More and more women are being attracted to the tech sector even though only 3% say it was their first choice. According to Nelly Polyzou, this could be due to a lack of information from the recruiters, or simply an opportunity to move into a job. Or possibly because of the lack of representation, this is why it is so important to show case. The example of our colleague, Sanne Spiessens, Vetting Manager for the US at GlobalSign, shows how obscure some aspects of the profession remain even for recruiters.
"I received an unexpected phone call from a recruitment agency for a screening officer position. At the time, most people guessed as well as I did what the role entailed, and that's pretty much what the recruiter explained to me. He said, "I know it sounds a bit obscure, and it's not something that a lot of people have prior experience in, but we think you'd make a good fit." After spending several years in microbiology labs, this seemed like an obvious change to me. "
This ease of changing job paths throughout their careers is perhaps the reason, the technology sector is the best choice for women.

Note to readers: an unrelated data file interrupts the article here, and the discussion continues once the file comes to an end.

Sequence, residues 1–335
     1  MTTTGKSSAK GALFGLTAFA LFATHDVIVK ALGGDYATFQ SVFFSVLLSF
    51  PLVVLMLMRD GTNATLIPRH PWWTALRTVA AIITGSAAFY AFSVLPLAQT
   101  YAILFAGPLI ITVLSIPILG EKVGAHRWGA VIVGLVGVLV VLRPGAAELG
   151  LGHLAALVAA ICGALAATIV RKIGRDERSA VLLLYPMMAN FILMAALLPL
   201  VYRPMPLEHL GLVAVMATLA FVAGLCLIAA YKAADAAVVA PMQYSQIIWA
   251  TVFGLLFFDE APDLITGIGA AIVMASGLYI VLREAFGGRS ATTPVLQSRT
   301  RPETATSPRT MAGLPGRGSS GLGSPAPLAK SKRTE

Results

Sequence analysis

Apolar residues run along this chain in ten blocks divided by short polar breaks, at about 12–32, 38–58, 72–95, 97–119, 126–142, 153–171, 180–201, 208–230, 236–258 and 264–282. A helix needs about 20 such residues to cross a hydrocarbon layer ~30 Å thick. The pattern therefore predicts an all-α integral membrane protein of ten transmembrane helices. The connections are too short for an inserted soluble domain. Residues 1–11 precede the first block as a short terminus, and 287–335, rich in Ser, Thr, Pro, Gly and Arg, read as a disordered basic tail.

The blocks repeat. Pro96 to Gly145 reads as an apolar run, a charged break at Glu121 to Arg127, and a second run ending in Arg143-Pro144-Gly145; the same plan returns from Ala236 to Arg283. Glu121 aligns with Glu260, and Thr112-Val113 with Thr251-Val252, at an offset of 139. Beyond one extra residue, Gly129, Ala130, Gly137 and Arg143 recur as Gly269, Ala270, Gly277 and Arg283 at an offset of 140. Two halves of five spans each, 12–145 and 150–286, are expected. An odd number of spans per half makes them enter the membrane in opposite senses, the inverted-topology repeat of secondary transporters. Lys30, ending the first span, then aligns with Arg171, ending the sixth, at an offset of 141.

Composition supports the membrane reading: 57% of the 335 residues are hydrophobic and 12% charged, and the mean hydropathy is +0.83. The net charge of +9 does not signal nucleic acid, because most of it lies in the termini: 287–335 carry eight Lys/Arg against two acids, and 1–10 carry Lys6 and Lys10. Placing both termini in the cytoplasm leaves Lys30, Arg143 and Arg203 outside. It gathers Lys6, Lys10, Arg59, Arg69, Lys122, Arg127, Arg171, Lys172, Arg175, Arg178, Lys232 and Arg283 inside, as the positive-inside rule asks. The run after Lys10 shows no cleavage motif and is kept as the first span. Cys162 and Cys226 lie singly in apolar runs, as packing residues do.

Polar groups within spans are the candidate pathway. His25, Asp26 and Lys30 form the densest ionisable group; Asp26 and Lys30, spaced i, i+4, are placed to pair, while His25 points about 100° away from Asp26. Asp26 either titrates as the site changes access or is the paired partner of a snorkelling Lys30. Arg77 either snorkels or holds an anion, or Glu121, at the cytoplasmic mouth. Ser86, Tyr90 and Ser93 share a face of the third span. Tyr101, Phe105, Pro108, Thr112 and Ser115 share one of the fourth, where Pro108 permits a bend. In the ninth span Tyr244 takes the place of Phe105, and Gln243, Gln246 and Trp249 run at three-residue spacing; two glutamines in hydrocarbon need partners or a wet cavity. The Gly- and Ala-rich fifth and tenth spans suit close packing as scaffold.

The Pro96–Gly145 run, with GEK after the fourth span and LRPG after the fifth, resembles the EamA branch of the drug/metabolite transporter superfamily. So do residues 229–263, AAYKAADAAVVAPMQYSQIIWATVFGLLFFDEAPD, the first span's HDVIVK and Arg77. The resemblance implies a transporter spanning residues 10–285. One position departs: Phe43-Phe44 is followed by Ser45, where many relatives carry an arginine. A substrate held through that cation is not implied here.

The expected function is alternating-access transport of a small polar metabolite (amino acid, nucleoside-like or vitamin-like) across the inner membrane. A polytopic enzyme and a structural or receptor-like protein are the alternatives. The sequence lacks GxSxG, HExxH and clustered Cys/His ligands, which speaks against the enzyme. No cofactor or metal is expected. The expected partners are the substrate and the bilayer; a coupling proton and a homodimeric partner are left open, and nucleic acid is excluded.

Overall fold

The future of the industry will be female:
As we have explained, women have always been a part of the work force, but the reality is the proportion of women to men has fallen significantly. The 1990s were a key point in explaining this decline, and according to Isabelle Collet, the craze for IT and its rise made it a major stake for companies and they started to recruit men freshly graduated from universities. In the meantime the advent of personal computers, often exclusively marketed toward fathers and sons (like this ad for the computer Apple II in 1985) or the 80’s-90’s pop with movies like Weird Science, or War Games, idolising the image of the awkward geek boy genius using tech to save the world and win the girl, did probably not help attracting women toward the Tech industry.